New Resource Bank has a very different history.  In existence for just 12 years, Finser said the bank was founded in 2006 to address concerns around climate change. The founders wanted to “figure out how to have money move towards clean, renewable energy” while also supporting sustainable agriculture, nonprofits, and B Corps. “It’s been quite a journey – it’s hard to be a small bank,” he laughed.

Due to the acquisition and IPO, Finser went from working at a small regional bank to working at a national bank traded on the Nasdaq within a matter of months. Finser admitted that he “hasn’t always felt big is better. But to be a player and have impact, size is required.” Too often, he says, in the impact space, only high-net-worth individuals can participate. “With Amalgamated, we could bank the full spectrum.”

Mestrich did sound one note of caution: Now that Amalgamated is public, the bank must not forget all its non-shareholding stakeholders. “How do we make sure we raise the right kind of capital,” he asked, “while remembering who we are?”

The answer is moderation, and not allowing the perfect to be the enemy of the good. Every impact organization, said Finser, is building a bridge between what one would like and what reality is. “The perfect doesn’t really exist.”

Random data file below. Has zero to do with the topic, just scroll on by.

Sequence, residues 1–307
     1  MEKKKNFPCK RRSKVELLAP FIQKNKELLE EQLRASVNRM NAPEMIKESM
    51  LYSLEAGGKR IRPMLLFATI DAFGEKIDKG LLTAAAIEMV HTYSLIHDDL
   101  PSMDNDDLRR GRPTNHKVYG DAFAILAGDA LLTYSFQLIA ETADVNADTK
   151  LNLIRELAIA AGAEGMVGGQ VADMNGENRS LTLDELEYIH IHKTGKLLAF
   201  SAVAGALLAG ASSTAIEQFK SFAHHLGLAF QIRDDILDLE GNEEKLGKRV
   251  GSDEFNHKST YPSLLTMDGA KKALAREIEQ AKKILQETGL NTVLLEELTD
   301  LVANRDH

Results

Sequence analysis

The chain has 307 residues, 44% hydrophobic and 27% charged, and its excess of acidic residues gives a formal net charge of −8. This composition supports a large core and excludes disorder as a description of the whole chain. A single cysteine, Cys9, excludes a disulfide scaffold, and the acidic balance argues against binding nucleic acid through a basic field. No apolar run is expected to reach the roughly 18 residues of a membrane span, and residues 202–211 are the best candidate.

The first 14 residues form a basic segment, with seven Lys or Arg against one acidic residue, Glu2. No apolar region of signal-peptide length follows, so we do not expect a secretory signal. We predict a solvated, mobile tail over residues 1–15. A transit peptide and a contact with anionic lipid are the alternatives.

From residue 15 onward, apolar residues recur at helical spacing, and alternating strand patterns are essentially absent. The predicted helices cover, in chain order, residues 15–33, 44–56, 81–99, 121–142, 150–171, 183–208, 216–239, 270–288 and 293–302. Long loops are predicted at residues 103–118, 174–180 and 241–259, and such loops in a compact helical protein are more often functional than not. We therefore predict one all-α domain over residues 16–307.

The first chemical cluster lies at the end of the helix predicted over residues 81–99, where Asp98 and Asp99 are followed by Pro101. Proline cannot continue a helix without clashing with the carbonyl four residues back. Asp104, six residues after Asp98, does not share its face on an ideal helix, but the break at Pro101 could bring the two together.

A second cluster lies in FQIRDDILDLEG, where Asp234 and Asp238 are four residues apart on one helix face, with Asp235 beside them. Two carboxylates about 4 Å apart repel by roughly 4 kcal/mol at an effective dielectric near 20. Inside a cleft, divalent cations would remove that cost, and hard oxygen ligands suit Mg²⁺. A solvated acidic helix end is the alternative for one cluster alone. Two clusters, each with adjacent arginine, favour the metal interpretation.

Challenges and opportunities ahead

Both men conceded that individuals seeking to move their money into a values-aligned bank will face challenges.

“The largest financial institutions have made it very hard for organizations to move banking relationships,” said Mestrich. “Online banking is great, but the relationships are sticky and complicated to move. We need to challenge that.”

Still, they insist that the move is worth it, particularly now.

The conversation predictably circled back to election day. “Should banking be political,” Waite asked, “especially when politics are so polarized?”

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New Resource Bank had originally committed to non-partisanship.  But “in the current structure,” Finser said, a bank “can’t be neutral. You have to stand for what is right, and join together with others.”

Mestric agreed, citing Parkland as an example. In the aftermath of the massacre, three banks, including Amalgamated, said “they’d do everything in their power to not do business with certain types of gun dealers.”

Bank of America and Citibank ultimately had to temper that commitment, however; Amalgamated didn’t. That is values-aligned banking at its strongest.

“Amalgamated’s customer base is aligned on a set of social principles,” said Mestrich. “It’s okay to lose customers who don’t share those convictions.”

Making the move

Waite asked Mestrich and Finser how impact investors can best support values-aligned banks. “Should we be opening checking, savings, CDs, etc.?”

“All of the above,” laughed Mestrich. “Direct investment in the bank would be fabulous,” he said, because investors will triple or quadruple their impact over time.

“For those who want to do impact investing,” added Finser, “moving their liquid cash to a bank like Amalgamated is an easy way to get started.”

But how, Waite asked, can we change the behavior and practices of non-values-aligned banks?

Finser was quick with an answer: “Be so successful that everyone wants to copy us. Show the opportunity.” Mestrich concurred.